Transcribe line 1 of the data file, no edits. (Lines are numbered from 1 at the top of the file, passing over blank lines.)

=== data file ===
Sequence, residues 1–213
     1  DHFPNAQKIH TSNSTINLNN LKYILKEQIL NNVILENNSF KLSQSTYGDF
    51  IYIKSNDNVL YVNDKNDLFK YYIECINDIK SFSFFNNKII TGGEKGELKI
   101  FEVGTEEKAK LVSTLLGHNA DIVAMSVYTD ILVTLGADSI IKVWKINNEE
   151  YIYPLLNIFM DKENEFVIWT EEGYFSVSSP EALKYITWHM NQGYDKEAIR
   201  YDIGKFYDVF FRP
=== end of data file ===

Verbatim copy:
Sequence, residues 1–213